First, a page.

Avenge Wairimu

Mutua brandished the gun he had, “Drop it, or I’ll do it.” His eyes focused on the man tossing his brother, Komen, around. They had been on this street before, at the same time, nothing much had changed. It was still not safe to walk around at 6.30 in the evening, streetlights were on. The assailants were the same, cops supposedly patrolled the area, but conveniently after the muggings between 6.30 and 8 pm when people got home from work and school.

Just two months ago, Makau had lost his kid sister, Wairimu, she was only 7 years old. She had dashed to the kiosk to get some sweets she was craving. She had hoped that no one would notice her gone. Only to never return; Wairimu was found raped, and slit on the throat. She was 7 years old she did not deserve that. The worst they should have done, if they had to steal from a child, was to steal her two shillings and send her on her way.

Her brothers found her lying right in the open sprawled by the entrance of a shopping complex.  Makau and Komen where mugged at the same spot they found their sister. His cell phone and Komen’s, sneakers were taken as well as the shopping they had been sent to get by their mum. They were beaten black and blue after the incident. The family was so distraught. They reported the matter to the police a stone throw away from the murder scene. The police didn’t care, they never cared.

“Kijana! Hiyo ni hali ya maisha,” the policeman at the reception told him while going through the Occurrence Book (OB) at the police station.

“Tunawajua.” Another policeman yelled from behind his colleague leaning on the OB book at the reception desk. Then if they knew who the thugs where, why didn’t they arrest them? These men, who couldn’t be much older than Makau, were committing numerous felonies and getting away with them scot free.

A phone rang; Makau reached for his pocket then recalled that his phone was stolen. He looked up and saw another policeman with the same phone he had, but he couldn’t be sure it was his. Makau began to seethe in anger. Why wasn’t anyone paying attention? Why couldn’t these police realize that his name did appear on their OB book when he reported the murder of his beautiful innocent sister? What was wrong with them?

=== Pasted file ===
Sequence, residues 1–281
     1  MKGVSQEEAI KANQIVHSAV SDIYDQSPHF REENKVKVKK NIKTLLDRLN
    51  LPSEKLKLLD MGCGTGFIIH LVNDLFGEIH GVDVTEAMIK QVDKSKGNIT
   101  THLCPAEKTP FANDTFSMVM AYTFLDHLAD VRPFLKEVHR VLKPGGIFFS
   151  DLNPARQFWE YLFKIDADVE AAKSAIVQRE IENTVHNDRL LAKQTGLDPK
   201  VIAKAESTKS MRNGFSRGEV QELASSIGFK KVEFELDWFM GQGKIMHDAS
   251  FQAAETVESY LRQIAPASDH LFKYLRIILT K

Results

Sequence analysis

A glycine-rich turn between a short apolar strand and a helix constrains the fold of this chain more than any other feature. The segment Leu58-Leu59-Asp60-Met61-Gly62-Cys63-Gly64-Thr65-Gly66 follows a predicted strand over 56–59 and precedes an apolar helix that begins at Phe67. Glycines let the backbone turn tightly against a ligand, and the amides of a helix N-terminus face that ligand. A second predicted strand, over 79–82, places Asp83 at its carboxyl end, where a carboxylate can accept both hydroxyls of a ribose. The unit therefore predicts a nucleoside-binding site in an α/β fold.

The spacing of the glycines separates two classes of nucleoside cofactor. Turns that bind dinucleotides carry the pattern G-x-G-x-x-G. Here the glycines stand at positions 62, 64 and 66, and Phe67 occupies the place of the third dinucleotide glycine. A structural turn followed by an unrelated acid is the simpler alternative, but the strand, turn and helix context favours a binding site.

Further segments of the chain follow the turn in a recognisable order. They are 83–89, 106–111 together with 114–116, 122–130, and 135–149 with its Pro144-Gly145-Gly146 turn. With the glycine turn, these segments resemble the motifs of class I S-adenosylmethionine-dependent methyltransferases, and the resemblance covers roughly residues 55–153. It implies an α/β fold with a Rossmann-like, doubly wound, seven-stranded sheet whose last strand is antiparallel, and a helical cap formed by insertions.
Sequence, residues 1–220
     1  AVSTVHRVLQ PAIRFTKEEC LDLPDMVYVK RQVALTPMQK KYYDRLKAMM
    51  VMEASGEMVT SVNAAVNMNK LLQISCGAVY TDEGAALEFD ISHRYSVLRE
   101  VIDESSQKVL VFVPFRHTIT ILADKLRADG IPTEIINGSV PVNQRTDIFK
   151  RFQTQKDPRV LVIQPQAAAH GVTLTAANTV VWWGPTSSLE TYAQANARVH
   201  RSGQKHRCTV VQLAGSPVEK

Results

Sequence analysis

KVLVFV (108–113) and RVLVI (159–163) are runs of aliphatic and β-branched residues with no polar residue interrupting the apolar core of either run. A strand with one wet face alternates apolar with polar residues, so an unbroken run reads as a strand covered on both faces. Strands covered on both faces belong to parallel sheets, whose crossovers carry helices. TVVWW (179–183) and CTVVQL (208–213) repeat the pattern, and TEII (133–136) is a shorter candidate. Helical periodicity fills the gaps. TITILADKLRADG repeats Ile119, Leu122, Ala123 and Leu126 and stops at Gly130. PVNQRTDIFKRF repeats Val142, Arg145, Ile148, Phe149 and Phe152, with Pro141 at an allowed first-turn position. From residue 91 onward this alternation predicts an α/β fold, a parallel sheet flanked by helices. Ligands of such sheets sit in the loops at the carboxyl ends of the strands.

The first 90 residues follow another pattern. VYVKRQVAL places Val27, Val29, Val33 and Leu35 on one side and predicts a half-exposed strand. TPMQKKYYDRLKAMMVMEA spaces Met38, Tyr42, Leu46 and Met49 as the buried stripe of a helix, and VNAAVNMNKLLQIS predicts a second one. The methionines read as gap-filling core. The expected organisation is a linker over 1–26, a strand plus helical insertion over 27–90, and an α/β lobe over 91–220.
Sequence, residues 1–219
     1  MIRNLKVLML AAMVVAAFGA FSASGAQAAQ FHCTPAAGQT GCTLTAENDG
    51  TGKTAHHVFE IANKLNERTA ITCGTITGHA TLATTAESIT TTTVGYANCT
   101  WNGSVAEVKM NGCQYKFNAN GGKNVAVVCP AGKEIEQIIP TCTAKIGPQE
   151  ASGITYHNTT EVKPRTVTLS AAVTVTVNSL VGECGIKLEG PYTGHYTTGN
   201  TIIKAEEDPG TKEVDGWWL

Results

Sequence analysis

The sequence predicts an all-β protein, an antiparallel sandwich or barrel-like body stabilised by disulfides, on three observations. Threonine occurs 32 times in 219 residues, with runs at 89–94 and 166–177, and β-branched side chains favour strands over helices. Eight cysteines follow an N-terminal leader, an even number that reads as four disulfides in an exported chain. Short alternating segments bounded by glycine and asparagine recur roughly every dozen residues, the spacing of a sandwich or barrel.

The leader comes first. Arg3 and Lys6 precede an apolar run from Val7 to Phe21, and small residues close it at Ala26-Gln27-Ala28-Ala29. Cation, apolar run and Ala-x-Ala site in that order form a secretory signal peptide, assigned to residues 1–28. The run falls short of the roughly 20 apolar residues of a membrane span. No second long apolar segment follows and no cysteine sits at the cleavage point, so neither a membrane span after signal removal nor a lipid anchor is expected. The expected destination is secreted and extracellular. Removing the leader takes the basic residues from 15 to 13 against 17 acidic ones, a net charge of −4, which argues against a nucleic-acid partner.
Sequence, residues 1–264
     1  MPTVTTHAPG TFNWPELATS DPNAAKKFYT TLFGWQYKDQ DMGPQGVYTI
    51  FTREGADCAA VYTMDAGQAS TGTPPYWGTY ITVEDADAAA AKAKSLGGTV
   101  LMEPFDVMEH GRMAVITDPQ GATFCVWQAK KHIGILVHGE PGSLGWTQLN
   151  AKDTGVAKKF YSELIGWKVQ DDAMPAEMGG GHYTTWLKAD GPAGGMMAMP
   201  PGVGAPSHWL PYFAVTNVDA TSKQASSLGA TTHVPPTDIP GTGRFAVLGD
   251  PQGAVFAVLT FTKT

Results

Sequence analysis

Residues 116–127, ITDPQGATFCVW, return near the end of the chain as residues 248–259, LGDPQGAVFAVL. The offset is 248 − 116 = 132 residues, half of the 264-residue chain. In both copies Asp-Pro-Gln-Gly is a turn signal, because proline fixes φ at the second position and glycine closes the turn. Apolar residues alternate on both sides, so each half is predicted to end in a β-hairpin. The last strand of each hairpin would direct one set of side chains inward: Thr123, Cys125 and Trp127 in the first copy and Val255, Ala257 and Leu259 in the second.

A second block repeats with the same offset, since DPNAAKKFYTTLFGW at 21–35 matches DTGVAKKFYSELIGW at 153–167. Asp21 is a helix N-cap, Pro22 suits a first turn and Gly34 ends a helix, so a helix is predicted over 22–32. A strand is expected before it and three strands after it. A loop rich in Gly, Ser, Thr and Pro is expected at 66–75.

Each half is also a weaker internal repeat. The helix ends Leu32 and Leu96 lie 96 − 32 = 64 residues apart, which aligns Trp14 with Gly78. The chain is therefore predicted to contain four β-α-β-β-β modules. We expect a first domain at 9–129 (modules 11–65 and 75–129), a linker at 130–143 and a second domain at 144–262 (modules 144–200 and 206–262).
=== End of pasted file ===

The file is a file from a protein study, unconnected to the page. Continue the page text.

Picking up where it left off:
Makau had since decided to take justice into his own hands, his parents both old and frail were paralysed by the loss and tragedy. They spent most waking days shuttling between the bathroom and the couch in the living room, looking at photo albums of the “good old days.” They never spoke openly about the incident to their children and now Makau their eldest had had enough. He needed to protect himself and his family. He remembered in his class, one of his classmates had a parent who was a police reservist and could help him get a gun illegally.

Now here he was, been taught the basics of how to use the revolver and wasn’t about to let his brother down again. Komen had passed urine and was paralysed by fear. Komen’s eyes pleaded with Makau not to do anything stupid. The assailant laughed Makau off. A loud cracking sound rent the air, and Komen ran screaming all the way home, 10 minutes away, with human brain matter splattered all over him… the assailant fell to the ground, Makau stood over him.

Sirens were heard from a distance. Makau stood there with the gun smoking and dropped by his side. Arms hanging limb by his side, he watched the dead assailant with mixed feelings of fear, fulfillment, justice , guilt and worry. The police whisked him away from the scene and cuffed him.

“Twende Kijana!” The police officer told him. He was frog marched to the same police station he had been weeks before. It was 7pm.

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